You are only 16 so it is far easier for you to change hygiene and diet so that this problem doesn't continue. Yes this problem sucks but it has an ending and I can tell you will have learned from this problem and you can and will make changes now to then be able to enjoy your teeth for decades to come
 
S

Stupiddentalfear

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Joined
Jul 6, 2015
Messages
143
Location
North Wales, UK
Hi Sarako7,

I'm sorry you are going through this and finding the situation so difficult. I had to reply because your story is similar to mine. My advanced cavity had been preventable and I was consumed with guilt. I was 36 when I was told my tooth was beyond repair. (I went 19 years without going to the dentist so I know how hard this phobia can be. I was convinced I would beat it but it beat me! ) Based upon my experience, please try and let go of the past and the guilt. It consumed me and made feel suicidal. I came so close!! (I would hate to think that someone else could reach that horrible place too.) We are not entirely to blame for our mistakes. It sounds like you have even less reason to feel guilty - at such a young age your parents haven't helped! (At the time we try to deal with the situation in the best way we can.) As Dr. Daniel says there are other factors that come into play too. We didn't intend upon losing our teeth. We made a mistake: we have learned from it and we will move on. Please try and be compassionate with yourself. Best Wishes in moving forward x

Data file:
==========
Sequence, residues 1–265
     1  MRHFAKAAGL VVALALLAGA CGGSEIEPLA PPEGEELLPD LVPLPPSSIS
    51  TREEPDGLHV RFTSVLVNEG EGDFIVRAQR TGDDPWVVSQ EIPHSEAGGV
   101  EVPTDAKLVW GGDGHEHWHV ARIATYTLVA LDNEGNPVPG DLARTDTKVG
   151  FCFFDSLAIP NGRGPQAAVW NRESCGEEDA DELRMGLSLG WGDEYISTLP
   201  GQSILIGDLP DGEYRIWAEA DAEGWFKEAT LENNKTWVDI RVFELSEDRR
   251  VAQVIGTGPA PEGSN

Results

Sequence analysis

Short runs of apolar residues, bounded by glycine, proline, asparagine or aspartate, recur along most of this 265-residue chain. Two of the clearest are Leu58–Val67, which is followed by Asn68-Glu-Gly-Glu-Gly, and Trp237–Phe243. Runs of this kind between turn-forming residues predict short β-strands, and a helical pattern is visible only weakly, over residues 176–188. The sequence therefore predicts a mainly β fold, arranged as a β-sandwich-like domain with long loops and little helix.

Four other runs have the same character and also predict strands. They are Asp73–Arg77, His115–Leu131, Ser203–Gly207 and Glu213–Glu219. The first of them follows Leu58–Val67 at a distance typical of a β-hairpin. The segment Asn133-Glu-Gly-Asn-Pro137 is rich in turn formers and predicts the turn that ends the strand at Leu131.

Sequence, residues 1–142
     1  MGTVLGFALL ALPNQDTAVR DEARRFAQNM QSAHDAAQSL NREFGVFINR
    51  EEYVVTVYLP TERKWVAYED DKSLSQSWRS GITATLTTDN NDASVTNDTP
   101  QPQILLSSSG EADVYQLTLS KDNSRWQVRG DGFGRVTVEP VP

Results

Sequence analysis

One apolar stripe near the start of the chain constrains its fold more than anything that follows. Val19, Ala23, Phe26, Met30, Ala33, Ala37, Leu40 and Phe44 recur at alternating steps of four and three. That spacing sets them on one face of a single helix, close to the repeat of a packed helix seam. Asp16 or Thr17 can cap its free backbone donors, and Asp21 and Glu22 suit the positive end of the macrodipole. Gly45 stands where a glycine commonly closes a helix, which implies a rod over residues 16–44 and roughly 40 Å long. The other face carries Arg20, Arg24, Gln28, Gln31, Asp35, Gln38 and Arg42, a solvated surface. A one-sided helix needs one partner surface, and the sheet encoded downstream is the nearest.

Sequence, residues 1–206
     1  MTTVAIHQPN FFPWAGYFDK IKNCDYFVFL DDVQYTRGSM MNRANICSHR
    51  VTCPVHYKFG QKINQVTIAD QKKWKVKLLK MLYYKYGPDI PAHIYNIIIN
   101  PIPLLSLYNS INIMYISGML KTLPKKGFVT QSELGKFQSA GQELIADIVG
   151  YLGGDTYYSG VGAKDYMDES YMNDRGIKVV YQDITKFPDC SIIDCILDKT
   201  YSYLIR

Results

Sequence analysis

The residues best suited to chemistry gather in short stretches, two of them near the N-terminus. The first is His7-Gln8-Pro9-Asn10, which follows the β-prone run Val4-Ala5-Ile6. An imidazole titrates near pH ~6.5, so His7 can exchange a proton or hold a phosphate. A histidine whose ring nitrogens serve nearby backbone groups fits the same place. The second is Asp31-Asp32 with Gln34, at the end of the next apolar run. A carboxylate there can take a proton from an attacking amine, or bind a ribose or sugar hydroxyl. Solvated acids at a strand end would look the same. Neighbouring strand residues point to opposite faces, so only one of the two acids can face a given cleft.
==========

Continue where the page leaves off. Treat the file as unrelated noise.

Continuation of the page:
E

ESchmidt86

Member
Joined
Apr 30, 2019
Messages
20
Location
Florida
Hi there!

I was 17 when I had a tooth pulled for the first time. I had also procrastinated and dug my feet in and refused to go to the dentist. And by the time my mom was finally able to force me to go, the tooth needed a root canal or extraction. Because I grew up in poverty - an extraction was the only option. I'm not sure which tooth you're having done, but mine was a lower molar (second from the back).

I just had my wisdom tooth pulled on Friday, and I was able to keep my other wisdom tooth since it erupted upright and pushed the other tooth forward. So now my hygienist will use it to replace the missing tooth by pulling them forward when I do braces in a year or so.

Is a crown an option for you right now? At 16 I'd imagine that protecting the bone is important, but a crown if it is a front tooth might be one potential fix.

You are NOT alone having an adult tooth extracted as a teenager. I work with many professionals in the legal field who are missing teeth. The attorney I work for has had several implants and her father is a doctor.